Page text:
Difference in evidentiary record did not impact right to challenge ultimate reliability

Criminal Law - Disclosure - Miscellaneous

In different proceedings involving driving while under influence of drugs, accused obtained orders for disclosure of rolling logs of drug enforcement officers (DRE). Crown and RCMP bought applications to quash orders. Application dismissed. While presumption created by amendments to regime set in s. 320.31(6) of Criminal Code regarding admissibility of drug evidence is not presumption of guilt, it provides presumption of accuracy of DRE’s opinion when it is corroborated by toxicological analysis, as it was in current applications. When toxicological report is available, rolling log is no longer relevant to challenge DRE’s opinion. There is no presumption of accuracy where DRE’s opinion is not confirmed by analysis of sample. Toxicology cannot confirm or contradict DRE’s opinion, as even where drugs are found in urine this is corroborative rather than confirmatory, and not all drugs are tested for. Difference in evidentiary record did not impact right to challenge DRE’s ultimate reliability based on alleged mistaken drug class call in rolling log when that call has not been corroborated by toxicological testing. Section 320.36(2) does not provide anything more than bare prohibition on disclosure that had been set out in case law.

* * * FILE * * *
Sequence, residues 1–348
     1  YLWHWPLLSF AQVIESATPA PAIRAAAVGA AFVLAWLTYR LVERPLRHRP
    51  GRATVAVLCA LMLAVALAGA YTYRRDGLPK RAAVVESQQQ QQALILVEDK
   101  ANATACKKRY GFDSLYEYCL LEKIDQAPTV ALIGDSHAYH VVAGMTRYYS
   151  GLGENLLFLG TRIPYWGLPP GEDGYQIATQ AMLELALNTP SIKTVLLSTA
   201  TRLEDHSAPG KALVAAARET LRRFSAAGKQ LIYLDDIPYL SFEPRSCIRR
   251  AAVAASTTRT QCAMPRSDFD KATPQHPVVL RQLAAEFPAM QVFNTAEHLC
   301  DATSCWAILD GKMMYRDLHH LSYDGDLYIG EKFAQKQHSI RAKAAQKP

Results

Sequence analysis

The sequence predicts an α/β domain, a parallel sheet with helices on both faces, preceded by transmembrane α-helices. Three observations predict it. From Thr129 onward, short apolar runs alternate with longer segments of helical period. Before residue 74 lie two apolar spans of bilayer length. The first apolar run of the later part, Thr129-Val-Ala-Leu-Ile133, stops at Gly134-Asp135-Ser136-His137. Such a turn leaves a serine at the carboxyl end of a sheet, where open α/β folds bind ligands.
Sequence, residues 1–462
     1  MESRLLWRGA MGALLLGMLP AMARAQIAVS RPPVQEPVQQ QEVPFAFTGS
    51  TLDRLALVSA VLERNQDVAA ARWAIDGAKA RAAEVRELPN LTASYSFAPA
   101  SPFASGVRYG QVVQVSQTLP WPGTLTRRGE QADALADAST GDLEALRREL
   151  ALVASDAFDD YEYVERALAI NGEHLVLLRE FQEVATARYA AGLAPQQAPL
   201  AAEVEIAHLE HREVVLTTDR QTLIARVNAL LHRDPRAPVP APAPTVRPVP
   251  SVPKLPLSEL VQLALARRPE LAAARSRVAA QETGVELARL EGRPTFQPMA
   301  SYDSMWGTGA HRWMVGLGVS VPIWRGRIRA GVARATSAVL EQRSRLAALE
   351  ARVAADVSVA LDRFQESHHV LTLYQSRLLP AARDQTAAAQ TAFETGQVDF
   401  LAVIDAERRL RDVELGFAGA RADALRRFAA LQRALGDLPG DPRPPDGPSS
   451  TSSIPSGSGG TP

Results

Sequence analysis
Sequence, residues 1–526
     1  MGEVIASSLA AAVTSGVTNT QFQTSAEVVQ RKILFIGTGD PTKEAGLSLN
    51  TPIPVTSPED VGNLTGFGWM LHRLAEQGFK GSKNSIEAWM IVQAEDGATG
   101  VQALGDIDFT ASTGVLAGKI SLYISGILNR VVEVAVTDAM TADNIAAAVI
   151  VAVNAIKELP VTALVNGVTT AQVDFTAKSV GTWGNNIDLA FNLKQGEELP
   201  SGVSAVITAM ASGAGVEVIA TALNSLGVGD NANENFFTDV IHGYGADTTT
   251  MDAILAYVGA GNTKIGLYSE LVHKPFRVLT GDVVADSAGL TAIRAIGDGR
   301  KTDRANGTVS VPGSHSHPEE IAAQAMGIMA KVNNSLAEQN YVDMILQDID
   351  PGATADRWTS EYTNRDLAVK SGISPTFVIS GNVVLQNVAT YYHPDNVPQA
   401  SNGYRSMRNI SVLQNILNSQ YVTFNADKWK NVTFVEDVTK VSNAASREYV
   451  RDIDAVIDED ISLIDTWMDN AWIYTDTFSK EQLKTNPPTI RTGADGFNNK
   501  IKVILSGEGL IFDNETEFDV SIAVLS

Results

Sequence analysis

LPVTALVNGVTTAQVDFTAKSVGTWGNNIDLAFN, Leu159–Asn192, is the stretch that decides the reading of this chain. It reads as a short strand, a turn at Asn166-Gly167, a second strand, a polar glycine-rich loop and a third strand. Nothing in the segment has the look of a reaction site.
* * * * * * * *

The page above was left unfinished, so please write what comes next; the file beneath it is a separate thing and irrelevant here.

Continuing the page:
R. v. Amarelo-Gemus (2019), 2019 CarswellOnt 6480, 2019 ONSC 2675, Robert N. Beaudoin J. (Ont. S.C.J.).

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